The PreACT is offered to sophomores. It contains tests in English, math, reading, and science that simulate the full ACT but in a shorter test window. The PreACT will be useful in discussing plans for future education and choice of college with parents and guidance counselors. It predicts performance on the full ACT as well as college and career readiness. The PreACT also reports data to help with action plans to increase success in high school courses and on the ACT. It matches students to colleges and universities across the country and to scholarship organizations. Additionally, it will create personalized ACT practice though ACT academy with your scores.
The ACT is a national college admissions examination (accepted by all four-year colleges and universities in the U.S.) that consists of subject area tests in:
The ACT includes 215 multiple-choice questions and takes approximately 3 hours and 30 minutes to complete, including a short break (or just over four hours if you are taking the ACT Plus Writing). Actual testing time is 2 hours and 55 minutes (plus 30 minutes if you are taking the ACT Plus Writing). The ACT is administered on seven test dates — September, October, December, February, April, June and July.
There is also a state-funded ACT for all juniors in March. This is a free ACT which can be used as a graduation pathway. The scores that are needed for this pathway are 22 Math, 22 Reading and 18 Math.
Students are advised to take this college entrance exam at least 2-3 times in between their junior year and senior year. Most accredited colleges in the state of Ohio require this test for admission or placement.
ACT Resource Guide - https://www.
ACT Prep Course
The Academic Booster Club sponsors an 8-week ACT prep class prior to the spring ACT exam. The course generally begins approximately 9-10 weeks prior to the test date and is held at Lima Central Catholic. It is taught by qualified and experienced Science, Math and English teachers. There is a fee for the course but it is generally less than that charged by other test preparation organizations. LCC students are given first priority but students from other schools are welcome to participate if the class is not filled.
The next ACT prep course will begin February 3, 2018. Click here for more details and registration information.
The Preliminary SAT/National Merit Scholarship Qualifying Test (PSAT/NMSQT) is a program cosponsored by the College Board and National Merit Scholarship Corporation (NMSC). It is a standardized test that provides firsthand practice for the SAT®. It also gives you a chance to enter NMSC scholarship programs and gain access to college and career planning tools.
The PSAT 10 is a practice SAT exam that is administered during the school day in February of the sophomore year. It is aligned to the new SAT, meaning it has new SAT question types including evidence support questions on the reading. Its scores are reported on the same scale as the new SAT. The PSAT 10 is designed specifically for sophomores in high school, so its questions are not as difficult as the PSAT/NMSQT, which is designed for juniors. The PSAT 10 does not qualify students for the National Merit competition, even if a really high score is achieved; it is simply an SAT practice test to prepare for future testing.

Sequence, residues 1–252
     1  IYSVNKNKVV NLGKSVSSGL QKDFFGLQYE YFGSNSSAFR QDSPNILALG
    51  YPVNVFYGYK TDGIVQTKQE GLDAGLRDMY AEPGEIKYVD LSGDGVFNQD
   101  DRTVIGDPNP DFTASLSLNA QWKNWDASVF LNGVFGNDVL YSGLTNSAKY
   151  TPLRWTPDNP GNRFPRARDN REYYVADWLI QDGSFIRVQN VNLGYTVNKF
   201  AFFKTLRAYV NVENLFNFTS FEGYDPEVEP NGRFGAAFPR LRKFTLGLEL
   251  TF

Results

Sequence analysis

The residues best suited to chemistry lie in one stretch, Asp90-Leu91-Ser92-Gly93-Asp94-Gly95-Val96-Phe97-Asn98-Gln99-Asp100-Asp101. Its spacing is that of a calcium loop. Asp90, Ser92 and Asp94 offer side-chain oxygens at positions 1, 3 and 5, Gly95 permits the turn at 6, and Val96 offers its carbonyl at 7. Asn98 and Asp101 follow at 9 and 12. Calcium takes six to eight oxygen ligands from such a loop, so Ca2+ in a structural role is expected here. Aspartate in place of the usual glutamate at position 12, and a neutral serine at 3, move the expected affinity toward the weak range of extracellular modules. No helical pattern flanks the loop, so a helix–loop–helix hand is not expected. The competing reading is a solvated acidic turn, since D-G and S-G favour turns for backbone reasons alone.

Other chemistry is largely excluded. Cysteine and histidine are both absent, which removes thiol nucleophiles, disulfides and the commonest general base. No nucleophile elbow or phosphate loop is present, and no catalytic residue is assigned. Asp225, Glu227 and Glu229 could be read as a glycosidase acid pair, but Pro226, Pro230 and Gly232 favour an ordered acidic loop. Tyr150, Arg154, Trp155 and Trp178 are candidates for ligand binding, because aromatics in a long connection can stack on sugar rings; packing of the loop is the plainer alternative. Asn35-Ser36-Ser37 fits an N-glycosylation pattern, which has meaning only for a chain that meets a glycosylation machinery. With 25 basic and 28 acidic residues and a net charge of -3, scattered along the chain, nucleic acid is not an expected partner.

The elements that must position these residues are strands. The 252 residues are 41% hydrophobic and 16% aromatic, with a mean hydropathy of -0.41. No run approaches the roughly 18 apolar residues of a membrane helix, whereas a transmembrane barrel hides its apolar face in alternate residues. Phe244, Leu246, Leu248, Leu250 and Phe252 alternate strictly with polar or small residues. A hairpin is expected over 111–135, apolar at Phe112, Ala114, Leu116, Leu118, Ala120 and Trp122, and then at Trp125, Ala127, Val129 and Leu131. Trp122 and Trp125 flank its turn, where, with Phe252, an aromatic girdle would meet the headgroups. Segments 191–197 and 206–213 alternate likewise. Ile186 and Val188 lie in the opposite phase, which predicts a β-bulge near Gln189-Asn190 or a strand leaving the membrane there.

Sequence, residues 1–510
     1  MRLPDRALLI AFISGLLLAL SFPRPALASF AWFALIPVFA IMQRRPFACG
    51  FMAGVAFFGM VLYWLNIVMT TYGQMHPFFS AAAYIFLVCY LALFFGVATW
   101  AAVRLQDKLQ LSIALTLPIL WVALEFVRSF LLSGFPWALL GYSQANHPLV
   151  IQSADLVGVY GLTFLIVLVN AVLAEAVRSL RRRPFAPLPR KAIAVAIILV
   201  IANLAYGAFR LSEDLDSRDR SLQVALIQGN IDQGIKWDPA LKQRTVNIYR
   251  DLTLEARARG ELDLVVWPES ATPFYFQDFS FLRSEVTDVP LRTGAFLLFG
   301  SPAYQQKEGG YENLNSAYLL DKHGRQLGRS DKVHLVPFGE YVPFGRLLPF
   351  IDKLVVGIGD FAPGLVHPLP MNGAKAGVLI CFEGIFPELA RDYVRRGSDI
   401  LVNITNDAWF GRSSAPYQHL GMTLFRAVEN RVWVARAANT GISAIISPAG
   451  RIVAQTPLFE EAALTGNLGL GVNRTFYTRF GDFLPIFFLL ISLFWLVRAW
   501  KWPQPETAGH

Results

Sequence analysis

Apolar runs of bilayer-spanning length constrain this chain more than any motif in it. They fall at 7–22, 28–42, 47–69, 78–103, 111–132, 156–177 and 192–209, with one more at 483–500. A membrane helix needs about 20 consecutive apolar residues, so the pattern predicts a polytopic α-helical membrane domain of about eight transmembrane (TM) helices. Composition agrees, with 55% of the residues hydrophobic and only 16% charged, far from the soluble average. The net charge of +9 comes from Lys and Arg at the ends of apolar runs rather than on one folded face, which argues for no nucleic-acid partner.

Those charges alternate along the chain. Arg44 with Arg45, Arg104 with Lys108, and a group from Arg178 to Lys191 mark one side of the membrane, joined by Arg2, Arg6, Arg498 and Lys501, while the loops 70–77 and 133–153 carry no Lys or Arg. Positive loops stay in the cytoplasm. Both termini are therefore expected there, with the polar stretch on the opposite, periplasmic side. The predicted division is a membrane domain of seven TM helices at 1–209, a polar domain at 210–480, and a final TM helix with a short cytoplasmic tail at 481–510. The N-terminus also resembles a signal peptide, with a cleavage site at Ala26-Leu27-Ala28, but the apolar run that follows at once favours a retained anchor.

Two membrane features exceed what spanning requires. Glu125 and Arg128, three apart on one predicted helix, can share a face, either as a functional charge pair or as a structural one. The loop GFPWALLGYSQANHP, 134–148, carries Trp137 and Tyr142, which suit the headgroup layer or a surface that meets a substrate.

Both of these tests are taken at LCC during the school day. The cost of these tests is $20.00.
The SAT is a globally recognized college admission test that lets you show colleges what you know and how well you can apply that knowledge. It tests your knowledge of reading, writing and math — subjects that are taught every day in high school classrooms. Most students take the SAT during their junior or senior year of high school, and almost all colleges and universities use the SAT to make admission decisions.
The SAT test is administered on seven test dates each year – October, November, December, January, March, May and June. Students are advised to take the SAT for the first time during the spring of their junior year and a second time during the fall of their senior year. Many schools outside the state of Ohio require this test.
Some private schools require the SAT Subject Tests for admission (one hour exams in specific areas). Students should check the bulletin of the college to which they are applying in order to determine what test(s) will be required.
SAT Resource Guide - https://www.
EOC (End of Course) Tests
Starting with the Class of 2018, the new testing requirement for graduation is earning 18 points on seven end of course tests in the following subjects:
- Algebra I and geometry or integrated math I and II
- American history and American government
- English I (ELA I) and English II (ELA II)
For each of the seven end-of-course state tests, a student earns one to five graduation points. Students have the potential to earn a total of 35 points. To meet this graduation pathway, a student must earn a minimum number of 18 points from the seven tests.
This graduation pathway gives a student flexibility in accumulating 18 points. A high score on one test can balance a low score on another test. A student must earn a total of at least four points on English tests, four points on math tests and six points on science and social studies tests.